Future development of new homes and businesses in the area bordering Centerville and Sugarcreek Twp. could be in jeopardy unless a new water tower is built and tied into the Greene County water system, officials said.
Low water pressure in the area has been a concern since the Cornerstone of Centerville development began several years ago. Greene County has been working with the two major developers in that area — Cornerstone’s Oberer Land Development and Guttman Development Group — to find a solution, according to Greene County Administrator Brandon Huddleson.
“It’s kind of like you’ve got a cup of water and everybody is putting their straw in. If there’s 100 straws in a cup, you’re going to get less water per straw. That’s sort of the situation we have now,” Huddleson said.
Greene County has made an offer to the developer of Rollandia Golf Course, Guttman Development Group, to build the tower where it would serve the area best, Huddleson said.
The offer is $100,000 for about an an acre needed to build the tower, but the county has not received a response, Huddleson said.
Rollandia is slated to be the site of a multi-family residential and senior living community.
A representative of the Guttman Development Group could not be reached for comment for this story.
The water tower could be built at an estimated cost of $3.2 million. The project would take one to two years, depending on weather to accommodate the requisite coating of the inside and outside of the tower, Huddleson said.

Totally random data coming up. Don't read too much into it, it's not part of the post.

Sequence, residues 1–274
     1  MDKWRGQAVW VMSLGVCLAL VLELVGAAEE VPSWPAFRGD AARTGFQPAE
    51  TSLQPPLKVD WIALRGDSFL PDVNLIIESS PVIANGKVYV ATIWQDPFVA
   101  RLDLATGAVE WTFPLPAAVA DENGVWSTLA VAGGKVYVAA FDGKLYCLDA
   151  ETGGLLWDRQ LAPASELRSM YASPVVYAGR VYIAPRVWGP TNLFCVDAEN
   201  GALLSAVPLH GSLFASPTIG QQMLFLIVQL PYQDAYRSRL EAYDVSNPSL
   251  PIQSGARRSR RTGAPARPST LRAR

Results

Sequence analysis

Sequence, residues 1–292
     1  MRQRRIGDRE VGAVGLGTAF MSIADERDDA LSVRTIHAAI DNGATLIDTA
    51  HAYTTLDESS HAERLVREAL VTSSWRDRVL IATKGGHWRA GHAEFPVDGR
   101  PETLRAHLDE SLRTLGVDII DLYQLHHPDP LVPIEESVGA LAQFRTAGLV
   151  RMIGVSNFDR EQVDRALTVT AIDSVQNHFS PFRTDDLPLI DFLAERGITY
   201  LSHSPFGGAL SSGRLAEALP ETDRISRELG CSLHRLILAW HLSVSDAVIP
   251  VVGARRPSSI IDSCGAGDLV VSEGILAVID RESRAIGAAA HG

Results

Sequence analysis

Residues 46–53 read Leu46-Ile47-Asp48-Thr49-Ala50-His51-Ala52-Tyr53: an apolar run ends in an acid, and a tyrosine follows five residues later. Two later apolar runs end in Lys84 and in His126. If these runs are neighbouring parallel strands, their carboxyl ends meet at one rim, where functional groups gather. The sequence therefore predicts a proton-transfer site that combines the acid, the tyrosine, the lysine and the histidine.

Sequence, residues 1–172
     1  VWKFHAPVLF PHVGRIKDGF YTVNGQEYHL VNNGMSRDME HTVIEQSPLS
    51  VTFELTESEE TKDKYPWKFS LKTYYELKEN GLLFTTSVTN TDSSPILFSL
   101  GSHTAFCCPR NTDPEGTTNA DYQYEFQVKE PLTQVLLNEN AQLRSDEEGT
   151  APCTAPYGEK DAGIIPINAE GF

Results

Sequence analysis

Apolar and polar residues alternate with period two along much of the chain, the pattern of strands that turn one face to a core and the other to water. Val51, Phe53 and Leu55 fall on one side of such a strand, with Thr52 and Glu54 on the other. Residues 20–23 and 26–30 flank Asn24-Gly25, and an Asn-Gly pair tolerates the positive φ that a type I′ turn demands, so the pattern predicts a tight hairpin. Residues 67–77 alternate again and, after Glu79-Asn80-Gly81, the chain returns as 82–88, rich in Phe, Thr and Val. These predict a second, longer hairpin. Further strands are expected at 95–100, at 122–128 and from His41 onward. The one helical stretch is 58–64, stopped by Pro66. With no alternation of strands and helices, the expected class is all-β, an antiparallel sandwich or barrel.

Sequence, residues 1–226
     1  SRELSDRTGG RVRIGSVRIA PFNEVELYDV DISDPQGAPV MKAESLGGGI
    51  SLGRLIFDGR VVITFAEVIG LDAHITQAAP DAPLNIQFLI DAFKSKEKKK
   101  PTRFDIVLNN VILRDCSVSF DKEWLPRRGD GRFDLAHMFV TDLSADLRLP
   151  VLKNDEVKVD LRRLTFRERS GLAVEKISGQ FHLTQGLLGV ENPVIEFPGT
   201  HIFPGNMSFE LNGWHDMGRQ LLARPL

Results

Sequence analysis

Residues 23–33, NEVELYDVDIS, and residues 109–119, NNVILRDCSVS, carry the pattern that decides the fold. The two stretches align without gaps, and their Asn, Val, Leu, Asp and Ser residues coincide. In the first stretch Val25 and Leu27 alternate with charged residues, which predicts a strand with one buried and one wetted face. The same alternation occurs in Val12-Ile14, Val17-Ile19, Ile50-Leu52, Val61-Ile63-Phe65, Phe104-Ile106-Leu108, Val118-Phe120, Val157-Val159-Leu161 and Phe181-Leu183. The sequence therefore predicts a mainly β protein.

“We have not turned down a single permit for new construction based on the need for that tower,” Huddleson said. “We know that at some point we’re going to reach that precipice where we can’t add any more users without that water tower.”
Development is continuing in this rapidly growing area where Greene and Montgomery counties meet.
Mason-based HiFive Development Services completed construction last summer of the four-story, 96-room Home2 Suites by Hilton, 5321 Cornerstone Blvd.
Officials said pumps were included in the hotel’s construction to ensure adequate water pressure reached the upper floors of the hotel.
The hotel had to install a booster to get the pressure high enough for the sprinkler system.
Many stores and businesses have come into the Cornerstone of Centerville development, including Cabela’s, First Financial Bank, Chick-fil-A, Panda Express and Kroger.
Kettering Health Network officials said the nonprofit doesn’t have immediate plans for land it bought near Cornerstone of Centerville development for $1.8 million last year.
The rapidly growing health system, with $1.75 billion in revenue in 2017, bought 10.5 acres near Cornerstone North Boulevard and Wilmington Pike. The property is about one mile from Miami Valley Hospital South, which is operated by competitor Premier Health.
A spokeswoman for Kettering Health said there isn’t a plan at this time for what to do with the land.
The land is on the corner of a block transformed in recent years into the Cornerstone of Centerville, which is a mix of shops, restaurants, a hotel and professional office. The development by Oberer Companies is still being built in phases.
Commissioners last year hired Arcadis US Inc., in a $364,391 contract, to update Greene County’s water master plan. The updated plan will be used by community leaders and developers as it identifies potential development projects over the next 20 years and the effect they could have to the county’s water system.
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